ST. PETERSBURG -- If the Rays are going to make another deep run through October, they’ll have to do so without ace Tyler Glasnow.
Glasnow underwent Tommy John surgery on Wednesday to address the partially torn ulnar collateral ligament and flexor strain in his throwing arm. The decision was made Tuesday after Glasnow met with Dr. Keith Meister, who will perform the operation, but the 27-year-old right-hander sounded resigned even before that meeting to the idea that he will miss the rest of this year and likely all of the 2022 season as well.
“I’m not in any position to try to rush it. I just want to make sure I feel good,” Glasnow said Saturday during a conference call with local reporters. “I’m just really excited to be able to pitch pain-free. It’s frustrating, but the long-term investment of doing this, I just think it’s going to be really beneficial to me to come back strong, healthy and pain-free in 2023.”
Glasnow was in Texas on Friday for a follow-up visit with doctors and a scheduled throwing session at TMI Sports Medicine in Arlington. After throwing off the mound for the first time since going on the injured list, Glasnow knew he couldn’t realistically continue to pitch with that level of discomfort.
“I think it was something I knew I was going to probably get eventually. It was to the point where [I thought], 'Can I withstand the pain of trying to come back and throw this postseason and maybe get it done at the end of season?'” Glasnow said Saturday. “But with the feeling that I felt yesterday on the mound, I was like, ‘Yeah, there’s no way I can confidently go out there and pitch with this type of pain.’”
Glasnow was initially optimistic about returning in time for another postseason run with the Rays, thinking he could manage the pain and get back on the mound as soon as September. But he acknowledged that Saturday’s news makes that possibility remote. He said there is a “possibility” he’ll recover in time to return to the mound at the end of the 2022 season, but it’s more likely he will return in ’23 -- his final season before reaching free agency.
“I know he wants to be here. I know he wants to be competing,” Rays manager Kevin Cash said Tuesday night. “But he's got a big career ahead of him, and hopefully [after] this procedure that he'll have done, he does his rehab and gets back on a mound doing really great things like he's done for us for the last three seasons now. So I think most importantly, it's the clarity and the peace of mind for Tyler to have the procedure.”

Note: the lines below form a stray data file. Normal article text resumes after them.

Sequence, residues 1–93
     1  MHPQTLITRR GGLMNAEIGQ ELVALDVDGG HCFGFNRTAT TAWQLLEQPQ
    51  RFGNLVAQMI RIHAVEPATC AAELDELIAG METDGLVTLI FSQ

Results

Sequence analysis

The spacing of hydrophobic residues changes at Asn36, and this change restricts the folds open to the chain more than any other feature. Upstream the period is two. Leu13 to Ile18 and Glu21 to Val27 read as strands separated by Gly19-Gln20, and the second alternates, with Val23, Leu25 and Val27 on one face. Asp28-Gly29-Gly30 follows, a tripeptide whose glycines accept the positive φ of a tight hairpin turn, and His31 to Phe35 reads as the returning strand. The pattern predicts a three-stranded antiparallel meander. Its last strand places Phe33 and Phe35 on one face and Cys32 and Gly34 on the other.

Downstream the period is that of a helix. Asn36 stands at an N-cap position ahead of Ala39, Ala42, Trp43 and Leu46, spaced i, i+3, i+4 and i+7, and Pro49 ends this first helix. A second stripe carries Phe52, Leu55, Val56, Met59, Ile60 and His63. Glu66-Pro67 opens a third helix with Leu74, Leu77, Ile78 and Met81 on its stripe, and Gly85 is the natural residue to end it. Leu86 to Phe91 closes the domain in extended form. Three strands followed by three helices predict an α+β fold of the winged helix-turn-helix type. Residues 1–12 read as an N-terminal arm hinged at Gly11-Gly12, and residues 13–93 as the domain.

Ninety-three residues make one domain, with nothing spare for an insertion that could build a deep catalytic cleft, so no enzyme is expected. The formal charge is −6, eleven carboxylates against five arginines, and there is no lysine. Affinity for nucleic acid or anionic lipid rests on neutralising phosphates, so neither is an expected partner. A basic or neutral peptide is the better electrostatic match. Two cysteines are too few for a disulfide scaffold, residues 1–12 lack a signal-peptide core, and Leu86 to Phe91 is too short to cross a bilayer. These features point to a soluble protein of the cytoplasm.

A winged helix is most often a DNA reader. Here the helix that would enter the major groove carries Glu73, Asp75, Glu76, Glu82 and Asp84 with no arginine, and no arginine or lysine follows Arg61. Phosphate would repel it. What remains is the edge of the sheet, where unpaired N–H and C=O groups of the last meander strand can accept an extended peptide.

Glasnow suggested that he hasn’t been able to pitch entirely pain-free since being sidelined by a forearm/elbow injury in 2019. He returned that September for four starts, followed by two more in the postseason, then worked another 86 innings between the regular season and playoffs last year.
“It’s been something that’s been bothering me for quite a while, and those last two starts or so, it kind of just put it over the edge,” Glasnow said. “It started to feel better when I was home, then as I started to stretch it out again, it was like, ‘It’s time to get this done.’
“It was something I considered, and I tried to build up. Just yesterday, especially throwing off the mound and kind of feeling that pain, it was very apparent that it was probably time to get it done.”
The 6-foot-8 right-hander ranked among the most overpowering pitchers in baseball before he partially tore his UCL and suffered a strain of his flexor tendon in his pitching arm in a start against the White Sox on June 14. He posted a 2.66 ERA with 123 strikeouts in 88 innings to begin this season, and he still ranks third on the team in wins above replacement despite having thrown his last pitch nearly seven weeks ago.
“I mean, it's Tyler Glasnow. When he's healthy, he's a top-five pitcher in the game,” Rays starter Shane McClanahan said. “So obviously it's a big blow, but we're all excited for Tyler to get healthy and have him back on the mound whenever he comes back.”
The Rays have handled his absence well enough, trusting young arms like McClanahan, Josh Fleming and Luis Patiño alongside starters Ryan Yarbrough and Michael Wacha. They did not address their rotation prior to the Trade Deadline, but this news coming before July 30 likely wouldn’t have changed that, as they entered the trading season with the idea that anything Glasnow provided the rest of this year would be a bonus.
“Disappointing, of course, to lose a pitcher of that caliber for the remainder of the season. You're not going to be able to replace him,” Rays pitching coach Kyle Snyder said. “We'll figure out the best way for us to move forward knowing that he's not going to be part of it, more than likely, the remainder of this year. But [we] feel good about the fact that the longer view of his career is going to be where it needs to be, and he's just finally getting something like this taken care of.”
The Rays hope to have Chris Archer rejoin their rotation at some point down the stretch, although his rehab assignment is on hold due to left hip soreness, and top prospect Shane Baz could make his debut after returning from the Olympics later this month. Tampa Bay will also continue to rely heavily on its bullpen, which has posted an American League-best 3.06 ERA this season.
“We have a really good, talented group. And I'll lean on talent over experience down this home stretch,” Snyder said. “Just the invaluable reps that some of these young guys that are going to really carry us for the next few years are going to get playing meaningful games and potentially playing an additional month in October, I don't have any concerns whatsoever.”